There’s been much talk in the past two months about the great challenge to be faced when the Lowell Judicial Center opens a year from now in advance of the city’s new parking garage in the Hamilton Canal District. Well the timetable for that garage was dealt another setback recently when the city’s request for bids for the construction of that garage yielded only two bids, both of which were 33% higher than the amount budgeted for the garage. The council has already authorized the expenditure of $35mil for this new 900 space garage, but the actual bids came in at $46mil.
City officials will now pursue a different bid process that is likely to attract more interest, so this is not a crisis, but it is a timeline setback for a project that can’t afford too many delays.
It’s not often you find humor in a Planning Board Agenda, but this item on the Lowell board’s February 4, 2019, agenda made me laugh:
1, 507 E Merrimack Street 01852: Minor Modification
The proponent is requesting a minor modification to the previously approved mixed use building. The proposed changes include reducing the height of the building from 12 to 5 stories, the number of dwelling units from 66 to 42, and the size of the restaurant from 4,270 sq. ft. to 915 sq. ft.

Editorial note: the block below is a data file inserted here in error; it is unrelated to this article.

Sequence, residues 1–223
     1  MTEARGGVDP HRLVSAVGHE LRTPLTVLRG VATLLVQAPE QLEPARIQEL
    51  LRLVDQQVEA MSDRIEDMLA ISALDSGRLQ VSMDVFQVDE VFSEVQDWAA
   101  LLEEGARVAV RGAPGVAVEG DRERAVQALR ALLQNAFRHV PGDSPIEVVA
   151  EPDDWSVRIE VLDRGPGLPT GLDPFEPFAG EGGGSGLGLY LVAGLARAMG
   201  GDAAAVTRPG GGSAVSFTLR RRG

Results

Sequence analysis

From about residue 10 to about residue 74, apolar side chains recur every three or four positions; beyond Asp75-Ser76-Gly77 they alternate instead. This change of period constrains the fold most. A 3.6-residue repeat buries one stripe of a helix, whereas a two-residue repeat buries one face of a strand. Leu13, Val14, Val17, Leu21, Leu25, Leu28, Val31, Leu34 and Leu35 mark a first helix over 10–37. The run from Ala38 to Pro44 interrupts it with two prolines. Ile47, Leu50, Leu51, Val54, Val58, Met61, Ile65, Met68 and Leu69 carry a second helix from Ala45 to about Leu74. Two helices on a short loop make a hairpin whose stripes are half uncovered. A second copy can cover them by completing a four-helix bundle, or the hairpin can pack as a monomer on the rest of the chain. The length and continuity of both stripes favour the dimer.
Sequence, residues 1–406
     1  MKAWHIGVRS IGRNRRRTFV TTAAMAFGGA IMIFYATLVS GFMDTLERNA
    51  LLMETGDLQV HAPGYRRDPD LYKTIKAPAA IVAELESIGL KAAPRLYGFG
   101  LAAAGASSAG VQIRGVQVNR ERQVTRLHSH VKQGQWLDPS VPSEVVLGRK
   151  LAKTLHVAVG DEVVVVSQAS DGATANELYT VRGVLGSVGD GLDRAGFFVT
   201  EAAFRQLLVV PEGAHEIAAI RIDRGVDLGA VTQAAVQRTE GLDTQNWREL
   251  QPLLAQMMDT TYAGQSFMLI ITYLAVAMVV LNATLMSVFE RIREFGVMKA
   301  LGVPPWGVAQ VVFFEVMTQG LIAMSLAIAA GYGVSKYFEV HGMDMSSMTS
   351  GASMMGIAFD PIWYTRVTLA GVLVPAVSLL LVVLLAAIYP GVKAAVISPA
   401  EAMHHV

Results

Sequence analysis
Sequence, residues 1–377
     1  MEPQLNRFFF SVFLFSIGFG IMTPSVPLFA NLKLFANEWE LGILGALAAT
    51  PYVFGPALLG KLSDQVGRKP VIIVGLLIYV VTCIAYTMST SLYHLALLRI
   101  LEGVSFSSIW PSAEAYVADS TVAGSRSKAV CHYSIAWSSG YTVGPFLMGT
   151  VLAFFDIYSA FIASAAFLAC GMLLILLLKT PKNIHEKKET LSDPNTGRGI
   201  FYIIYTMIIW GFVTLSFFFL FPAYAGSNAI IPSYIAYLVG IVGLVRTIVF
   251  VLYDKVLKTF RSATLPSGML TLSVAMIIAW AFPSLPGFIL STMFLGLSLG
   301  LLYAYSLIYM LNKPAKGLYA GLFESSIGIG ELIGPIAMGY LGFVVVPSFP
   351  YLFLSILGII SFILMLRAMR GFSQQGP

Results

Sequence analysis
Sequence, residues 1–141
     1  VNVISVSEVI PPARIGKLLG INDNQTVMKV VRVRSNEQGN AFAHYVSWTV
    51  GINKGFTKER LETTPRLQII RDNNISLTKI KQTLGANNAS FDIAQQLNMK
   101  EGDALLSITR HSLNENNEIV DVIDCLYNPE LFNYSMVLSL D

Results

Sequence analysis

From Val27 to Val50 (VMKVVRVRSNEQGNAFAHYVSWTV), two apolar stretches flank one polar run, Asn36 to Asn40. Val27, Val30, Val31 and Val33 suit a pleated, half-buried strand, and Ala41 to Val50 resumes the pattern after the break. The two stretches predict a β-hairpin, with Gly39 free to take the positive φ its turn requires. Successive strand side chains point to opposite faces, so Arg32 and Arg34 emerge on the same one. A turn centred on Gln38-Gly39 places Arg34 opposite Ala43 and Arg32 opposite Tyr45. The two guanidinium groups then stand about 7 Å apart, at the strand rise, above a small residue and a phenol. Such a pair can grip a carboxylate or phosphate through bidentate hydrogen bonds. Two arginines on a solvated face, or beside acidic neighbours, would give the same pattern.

So reducing the height of a building by 58%, reducing the number of units by 36%, and reducing the size of the restaurant by 79% is considered a minor modification. We should be glad the developer isn’t seeking a major modification.
UMass Lowell MLK Week Awards
This past Tuesday night, the University Massachusetts Lowell Office of Multicultural Affairs hosted its annual Martin Luther King Jr. Week Dinner at University Crossing. Art work and poetry from students at the Stoklosa Middle School and St. Patrick’s School were displayed and presented and annual awards were announced. The Faculty Distinguished Service Award went to Sue Kim, Ph.D. of the English Department. The Staff Distinguished Service Award went to Peter Murray of Campus Recreation. And the Community/Group Distinguished Service Award went to the Kindred Project which is a grassroots organization which seeks to uplift, unite and organize Lowell’s black community.
The always eloquent UMass Lowell Chancellor Jacquie Moloney did a masterful job of putting today’s turbulent politics in a broader historical perspective. She first asked how many of the several hundred people in the room had been alive during the Civil Rights movement. Only about 10% raised their hands. (As was fitting for a college event, it was a young crowd).
Moloney acknowledged that we now live in divisive times but said that it’s been worse, citing 1968 as an example. She urged people not to despair. The racism and “all the other –isms” we confront now, she said, are left over from the Civil Rights Movement. The work is not finished and there is much left to change, but the tide is turning and she urged everyone in attendance to continue the work.